Who Might Prefer Carpet?
Just because carpet isn’t perfect doesn’t mean it should be banned from apartments for good. There are a couple of scenarios where renters may prefer a softer option under their feet.
- Families with young children. Carpet is often the best flooring choice for young families. Toddlers aren’t always the steadiest on their feet, but that doesn’t stop them from wanting to constantly explore. There are going to be a lot of falls and carpet can provide the cushioning needed to prevent more serious injuries. Its insular properties can also help to keep the screams and shouts from annoying neighbors below.
- The elderly. Anyone who has looked after elderly parents knows that heart-stopping feeling when we hear that they’ve had a fall. Unfortunately, losing our balance as we get older is part of life. Like with toddlers, carpet provides softness and comfort in case the worst happens. We also can become more sensitive to cold as we get older, so elderly residents may appreciate the added warmth that carpet provides.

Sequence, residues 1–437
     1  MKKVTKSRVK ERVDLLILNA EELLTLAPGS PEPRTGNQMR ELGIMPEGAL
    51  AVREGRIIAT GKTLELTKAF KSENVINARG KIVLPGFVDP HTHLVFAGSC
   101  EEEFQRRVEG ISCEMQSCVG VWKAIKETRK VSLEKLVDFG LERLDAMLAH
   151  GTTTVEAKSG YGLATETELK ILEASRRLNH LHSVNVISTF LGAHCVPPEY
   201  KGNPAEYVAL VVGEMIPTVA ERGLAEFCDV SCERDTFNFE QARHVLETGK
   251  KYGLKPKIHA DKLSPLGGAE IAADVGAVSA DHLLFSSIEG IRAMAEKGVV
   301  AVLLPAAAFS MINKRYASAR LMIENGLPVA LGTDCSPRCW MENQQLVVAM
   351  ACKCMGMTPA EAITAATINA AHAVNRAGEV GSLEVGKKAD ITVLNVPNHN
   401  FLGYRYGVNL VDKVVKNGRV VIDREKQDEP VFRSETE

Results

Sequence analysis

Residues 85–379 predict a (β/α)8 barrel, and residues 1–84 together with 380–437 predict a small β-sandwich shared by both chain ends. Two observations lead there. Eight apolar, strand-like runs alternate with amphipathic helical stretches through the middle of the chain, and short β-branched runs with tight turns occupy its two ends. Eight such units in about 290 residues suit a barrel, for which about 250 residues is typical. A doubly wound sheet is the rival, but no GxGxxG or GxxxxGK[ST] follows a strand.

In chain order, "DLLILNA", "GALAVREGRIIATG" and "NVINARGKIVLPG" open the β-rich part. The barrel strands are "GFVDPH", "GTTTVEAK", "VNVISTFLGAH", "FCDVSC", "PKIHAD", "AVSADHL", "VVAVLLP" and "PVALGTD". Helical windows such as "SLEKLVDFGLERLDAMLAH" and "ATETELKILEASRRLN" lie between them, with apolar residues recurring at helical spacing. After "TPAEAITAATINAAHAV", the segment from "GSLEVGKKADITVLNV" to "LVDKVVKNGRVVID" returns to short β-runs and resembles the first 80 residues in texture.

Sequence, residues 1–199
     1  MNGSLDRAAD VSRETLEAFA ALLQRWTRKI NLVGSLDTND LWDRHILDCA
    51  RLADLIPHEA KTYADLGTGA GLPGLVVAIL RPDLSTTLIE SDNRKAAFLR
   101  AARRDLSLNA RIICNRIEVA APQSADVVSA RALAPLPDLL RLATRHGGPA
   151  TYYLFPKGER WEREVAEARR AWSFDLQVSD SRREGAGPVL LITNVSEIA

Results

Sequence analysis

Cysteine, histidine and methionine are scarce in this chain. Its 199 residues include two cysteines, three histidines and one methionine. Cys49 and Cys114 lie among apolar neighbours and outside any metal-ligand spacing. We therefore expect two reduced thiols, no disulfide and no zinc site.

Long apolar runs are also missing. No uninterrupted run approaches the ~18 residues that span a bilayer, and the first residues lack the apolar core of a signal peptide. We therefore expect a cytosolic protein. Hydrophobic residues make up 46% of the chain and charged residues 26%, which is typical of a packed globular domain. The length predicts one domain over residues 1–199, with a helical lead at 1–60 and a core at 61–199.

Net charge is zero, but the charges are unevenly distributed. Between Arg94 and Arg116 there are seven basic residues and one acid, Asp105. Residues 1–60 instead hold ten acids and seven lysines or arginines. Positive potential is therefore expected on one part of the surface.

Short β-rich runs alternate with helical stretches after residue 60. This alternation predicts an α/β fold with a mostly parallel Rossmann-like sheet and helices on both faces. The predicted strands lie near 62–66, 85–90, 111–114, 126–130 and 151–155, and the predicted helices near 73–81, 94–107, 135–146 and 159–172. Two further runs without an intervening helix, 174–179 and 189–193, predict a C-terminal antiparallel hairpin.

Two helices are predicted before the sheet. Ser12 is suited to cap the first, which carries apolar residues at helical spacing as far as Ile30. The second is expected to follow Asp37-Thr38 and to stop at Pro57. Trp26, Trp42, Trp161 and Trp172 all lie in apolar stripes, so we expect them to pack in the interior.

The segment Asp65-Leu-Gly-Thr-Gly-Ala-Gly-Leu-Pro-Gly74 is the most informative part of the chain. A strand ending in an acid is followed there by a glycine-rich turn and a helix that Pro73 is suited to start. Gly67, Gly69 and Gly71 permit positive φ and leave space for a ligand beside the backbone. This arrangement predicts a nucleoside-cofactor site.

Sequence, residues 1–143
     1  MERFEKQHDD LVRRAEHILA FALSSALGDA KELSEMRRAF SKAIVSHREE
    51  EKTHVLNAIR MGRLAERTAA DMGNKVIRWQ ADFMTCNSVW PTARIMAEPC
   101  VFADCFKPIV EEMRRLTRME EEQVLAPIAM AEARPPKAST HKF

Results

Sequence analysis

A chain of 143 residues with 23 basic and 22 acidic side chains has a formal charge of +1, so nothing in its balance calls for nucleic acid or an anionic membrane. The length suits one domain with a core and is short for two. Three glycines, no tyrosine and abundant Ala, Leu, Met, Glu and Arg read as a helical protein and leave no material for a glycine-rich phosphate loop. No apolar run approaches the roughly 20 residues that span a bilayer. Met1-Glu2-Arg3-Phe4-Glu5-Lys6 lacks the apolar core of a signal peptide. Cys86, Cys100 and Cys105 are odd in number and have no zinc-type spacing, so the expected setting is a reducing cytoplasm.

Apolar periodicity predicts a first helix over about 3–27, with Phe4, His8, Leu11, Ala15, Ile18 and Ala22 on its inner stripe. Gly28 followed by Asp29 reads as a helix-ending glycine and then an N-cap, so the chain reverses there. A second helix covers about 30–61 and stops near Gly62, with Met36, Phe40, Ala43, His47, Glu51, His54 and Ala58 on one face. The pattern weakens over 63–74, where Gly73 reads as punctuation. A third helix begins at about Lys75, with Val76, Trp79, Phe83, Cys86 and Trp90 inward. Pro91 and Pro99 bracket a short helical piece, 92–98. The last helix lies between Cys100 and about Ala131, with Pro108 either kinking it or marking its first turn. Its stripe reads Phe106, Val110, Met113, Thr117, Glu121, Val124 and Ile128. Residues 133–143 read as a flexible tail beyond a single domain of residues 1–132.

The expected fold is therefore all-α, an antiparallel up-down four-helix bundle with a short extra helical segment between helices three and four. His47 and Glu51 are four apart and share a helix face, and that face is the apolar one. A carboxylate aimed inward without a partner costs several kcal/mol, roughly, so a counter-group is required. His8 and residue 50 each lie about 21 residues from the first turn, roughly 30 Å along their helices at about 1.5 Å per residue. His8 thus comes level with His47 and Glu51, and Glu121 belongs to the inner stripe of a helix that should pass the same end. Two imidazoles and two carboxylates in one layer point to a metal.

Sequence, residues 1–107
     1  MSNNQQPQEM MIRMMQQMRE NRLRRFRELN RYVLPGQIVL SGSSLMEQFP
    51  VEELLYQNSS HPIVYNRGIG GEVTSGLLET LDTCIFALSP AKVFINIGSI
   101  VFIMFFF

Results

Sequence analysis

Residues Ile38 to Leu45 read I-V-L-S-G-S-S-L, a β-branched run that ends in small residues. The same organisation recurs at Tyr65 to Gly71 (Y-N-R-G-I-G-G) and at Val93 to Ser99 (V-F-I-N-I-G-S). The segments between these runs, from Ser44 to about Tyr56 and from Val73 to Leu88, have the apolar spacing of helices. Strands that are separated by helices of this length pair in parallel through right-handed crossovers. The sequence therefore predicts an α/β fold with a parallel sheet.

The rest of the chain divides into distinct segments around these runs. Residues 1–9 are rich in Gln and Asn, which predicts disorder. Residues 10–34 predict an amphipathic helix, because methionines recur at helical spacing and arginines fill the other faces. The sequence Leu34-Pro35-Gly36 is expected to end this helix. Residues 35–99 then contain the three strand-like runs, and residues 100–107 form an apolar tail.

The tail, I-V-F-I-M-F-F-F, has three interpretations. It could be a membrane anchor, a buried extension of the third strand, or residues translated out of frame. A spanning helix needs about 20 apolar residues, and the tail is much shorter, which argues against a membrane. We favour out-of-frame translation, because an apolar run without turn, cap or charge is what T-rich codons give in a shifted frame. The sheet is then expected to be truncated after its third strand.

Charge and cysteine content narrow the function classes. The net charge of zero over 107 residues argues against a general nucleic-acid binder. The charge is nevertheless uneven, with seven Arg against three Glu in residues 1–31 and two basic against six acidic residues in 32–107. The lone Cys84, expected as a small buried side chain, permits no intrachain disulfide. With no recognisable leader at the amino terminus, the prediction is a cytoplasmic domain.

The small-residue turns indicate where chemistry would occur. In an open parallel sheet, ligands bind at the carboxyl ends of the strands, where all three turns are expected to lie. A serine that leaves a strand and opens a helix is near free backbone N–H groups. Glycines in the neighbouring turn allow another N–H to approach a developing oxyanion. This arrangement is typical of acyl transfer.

- Pet owners. A pet craze is sweeping the multifamily scene. More than ever, our furry friends are being welcomed into rented accommodations and landlords are going to tremendous lengths to create amenities that attract their owners. Pets don’t treat hardwood and laminate flooring with the care that humans do, however. Carpets are much more forgiving to claws and won’t get ruined as soon as you let a dog loose in the apartment.
The choice of your flooring in your multifamily should reflect your tenants. If you have a lot of elderly tenants or renters with young children or pets, it may not be worth tearing up the carpet. After all, the last thing you want when you’re trying to drive up rents and attract more renters is your current tenants leaving.
If you’re serious about bidding farewell to carpets and upgrading your flooring, there’s good news, because you have a multitude of options.
- Real hardwood flooring: Nothing adds a touch of luxury to a home like real hardwood floors. The price tag will put many owners off, but this flooring is worth investing in if you can afford it. Not only do they look fantastic, but this type of flooring will also last for over 20 years if well cared for.